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Steps forward and a setback for pipeline
January 30, 2013 - Mike Maneval
Both positive and negative developments on the Keystone XL pipeline are surfacing in the new year, with a review of a new plan for the pipeline's route expected from the State Department this year, according to the American Prospect's Sarah Laskow.
The pipeline, of course, already is under construction, and has been since August, with portions installed in Oklahoma and Texas indicating the company pressing for the project either expects the eventual approval, or intends to transport oil across the U.S.-Canadian border by other means before pouring it into the pipeline. Earlier this month, the American Prospect reports, the Republican governor of Nebraska, whose skepticism about the project's original route through a key watershed in his state simply was ignored by proponents determined to treat opponents and critics as environmental extremists, endorsed the new route, which he said alleviated his concerns.
Despite these steps forward, Republicans in the Senate - many of whom embraced both efforts to irresponsibly reject prudence and deliberation in speeding approval of the pipeline's border crossing up and starry-eyed claims about the potential benefits of a good project with some manageable flaws - may have dealt the project a major setback. As Laskow reports, President Barack Obama's initial choice to head the department that shares responsibility for the decision on permitting the border crossing, diplomat Susan Rice, had ties to the fossil-fuels industry that could've indicated a greater willingness to consider the benefits of the pipeline. Senate Republicans made it clear Rice's nomination would face stonewalling and obstacles, and so she withdrew.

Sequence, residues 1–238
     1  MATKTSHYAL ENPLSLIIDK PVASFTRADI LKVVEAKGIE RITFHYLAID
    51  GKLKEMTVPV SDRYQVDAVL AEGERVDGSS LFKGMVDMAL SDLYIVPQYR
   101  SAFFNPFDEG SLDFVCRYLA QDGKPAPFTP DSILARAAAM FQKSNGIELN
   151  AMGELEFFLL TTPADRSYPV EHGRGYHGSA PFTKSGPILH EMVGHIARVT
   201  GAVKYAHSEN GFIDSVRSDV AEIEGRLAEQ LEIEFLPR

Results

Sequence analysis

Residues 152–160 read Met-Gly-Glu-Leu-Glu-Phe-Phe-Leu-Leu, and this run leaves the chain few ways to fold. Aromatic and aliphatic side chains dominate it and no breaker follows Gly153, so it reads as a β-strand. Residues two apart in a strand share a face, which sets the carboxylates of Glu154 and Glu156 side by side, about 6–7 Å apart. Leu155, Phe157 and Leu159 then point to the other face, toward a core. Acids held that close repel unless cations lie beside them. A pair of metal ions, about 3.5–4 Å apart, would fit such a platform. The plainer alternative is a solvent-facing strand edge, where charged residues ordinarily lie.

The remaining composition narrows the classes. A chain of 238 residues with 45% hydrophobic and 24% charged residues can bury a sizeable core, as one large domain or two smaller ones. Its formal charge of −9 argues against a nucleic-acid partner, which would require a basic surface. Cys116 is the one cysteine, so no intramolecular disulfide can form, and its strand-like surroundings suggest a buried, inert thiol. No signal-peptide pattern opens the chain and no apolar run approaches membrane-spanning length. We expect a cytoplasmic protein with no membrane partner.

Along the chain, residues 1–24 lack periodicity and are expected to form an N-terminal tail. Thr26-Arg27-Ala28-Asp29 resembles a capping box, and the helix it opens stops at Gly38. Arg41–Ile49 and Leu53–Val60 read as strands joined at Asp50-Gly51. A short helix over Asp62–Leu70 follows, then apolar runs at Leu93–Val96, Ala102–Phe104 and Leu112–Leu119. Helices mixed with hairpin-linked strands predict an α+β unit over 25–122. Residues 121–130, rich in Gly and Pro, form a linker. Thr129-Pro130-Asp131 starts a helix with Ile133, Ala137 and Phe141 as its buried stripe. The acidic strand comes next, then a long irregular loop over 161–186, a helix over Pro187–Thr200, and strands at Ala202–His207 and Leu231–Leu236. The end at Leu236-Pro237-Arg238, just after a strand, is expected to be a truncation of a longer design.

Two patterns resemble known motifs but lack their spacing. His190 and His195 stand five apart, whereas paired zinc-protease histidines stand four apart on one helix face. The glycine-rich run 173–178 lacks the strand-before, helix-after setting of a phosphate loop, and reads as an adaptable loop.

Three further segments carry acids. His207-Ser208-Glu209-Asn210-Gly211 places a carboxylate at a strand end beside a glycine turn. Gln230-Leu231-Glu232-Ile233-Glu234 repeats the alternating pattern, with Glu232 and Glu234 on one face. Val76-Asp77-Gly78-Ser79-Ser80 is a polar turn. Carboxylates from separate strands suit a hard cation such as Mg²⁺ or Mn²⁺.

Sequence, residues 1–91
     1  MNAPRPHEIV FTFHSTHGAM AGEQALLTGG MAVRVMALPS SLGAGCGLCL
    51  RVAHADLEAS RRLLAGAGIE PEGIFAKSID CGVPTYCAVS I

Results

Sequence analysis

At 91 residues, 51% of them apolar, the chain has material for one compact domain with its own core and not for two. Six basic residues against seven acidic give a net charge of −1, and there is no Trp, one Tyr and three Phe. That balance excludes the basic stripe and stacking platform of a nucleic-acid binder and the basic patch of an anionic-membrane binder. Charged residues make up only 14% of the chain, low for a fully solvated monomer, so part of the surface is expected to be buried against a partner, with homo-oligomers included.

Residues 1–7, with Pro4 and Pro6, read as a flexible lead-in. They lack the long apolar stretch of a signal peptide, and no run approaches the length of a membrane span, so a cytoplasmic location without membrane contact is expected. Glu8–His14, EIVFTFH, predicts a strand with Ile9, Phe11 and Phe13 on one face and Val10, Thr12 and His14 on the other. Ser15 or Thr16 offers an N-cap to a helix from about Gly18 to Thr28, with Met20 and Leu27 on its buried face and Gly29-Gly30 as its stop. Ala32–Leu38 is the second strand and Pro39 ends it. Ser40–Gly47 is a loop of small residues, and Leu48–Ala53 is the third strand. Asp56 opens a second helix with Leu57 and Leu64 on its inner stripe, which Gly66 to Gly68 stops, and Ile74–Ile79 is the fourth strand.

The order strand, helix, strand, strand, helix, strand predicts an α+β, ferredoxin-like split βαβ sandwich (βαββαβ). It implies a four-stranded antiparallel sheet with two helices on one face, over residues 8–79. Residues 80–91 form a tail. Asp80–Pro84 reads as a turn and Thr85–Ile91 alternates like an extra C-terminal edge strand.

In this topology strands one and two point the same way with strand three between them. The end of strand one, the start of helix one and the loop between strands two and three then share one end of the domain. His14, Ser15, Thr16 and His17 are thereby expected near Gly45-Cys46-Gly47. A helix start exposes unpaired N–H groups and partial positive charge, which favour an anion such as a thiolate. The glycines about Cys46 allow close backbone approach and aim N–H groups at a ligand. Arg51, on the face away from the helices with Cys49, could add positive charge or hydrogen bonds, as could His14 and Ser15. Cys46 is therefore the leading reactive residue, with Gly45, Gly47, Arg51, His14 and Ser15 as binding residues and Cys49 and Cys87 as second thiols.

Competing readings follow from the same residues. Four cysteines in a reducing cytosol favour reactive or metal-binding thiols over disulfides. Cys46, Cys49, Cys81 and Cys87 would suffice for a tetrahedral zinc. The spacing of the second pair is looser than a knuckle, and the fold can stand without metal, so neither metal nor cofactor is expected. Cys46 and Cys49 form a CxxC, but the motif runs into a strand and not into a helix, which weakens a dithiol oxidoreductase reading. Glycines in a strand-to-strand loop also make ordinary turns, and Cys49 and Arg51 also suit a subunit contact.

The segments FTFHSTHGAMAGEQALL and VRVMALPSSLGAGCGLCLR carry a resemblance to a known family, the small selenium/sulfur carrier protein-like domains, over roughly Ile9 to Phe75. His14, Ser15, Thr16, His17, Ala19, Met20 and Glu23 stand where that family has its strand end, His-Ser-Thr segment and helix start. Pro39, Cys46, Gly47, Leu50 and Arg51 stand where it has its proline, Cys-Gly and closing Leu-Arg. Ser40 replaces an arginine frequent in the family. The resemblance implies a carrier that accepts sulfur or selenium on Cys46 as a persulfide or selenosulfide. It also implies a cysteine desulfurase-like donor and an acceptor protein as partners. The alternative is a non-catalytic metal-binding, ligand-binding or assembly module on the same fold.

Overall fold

Whether the plan, as resubmitted, is approved in 2013 or is sent back for further improvement, it appears to me likely the pipeline will continue to be built, and the Obama administration will continue to attempt to responsibly develop domestic energy resources. And, while not the silver bullet the pipeline's proponents often seem to pretend it to be, this largely will be good news for American consumers and Americans seeking jobs.
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